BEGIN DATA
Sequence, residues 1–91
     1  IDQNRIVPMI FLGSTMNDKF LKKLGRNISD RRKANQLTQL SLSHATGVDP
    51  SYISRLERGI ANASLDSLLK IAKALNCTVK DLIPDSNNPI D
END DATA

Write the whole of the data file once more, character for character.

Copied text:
Sequence, residues 1–91
     1  IDQNRIVPMI FLGSTMNDKF LKKLGRNISD RRKANQLTQL SLSHATGVDP
    51  SYISRLERGI ANASLDSLLK IAKALNCTVK DLIPDSNNPI D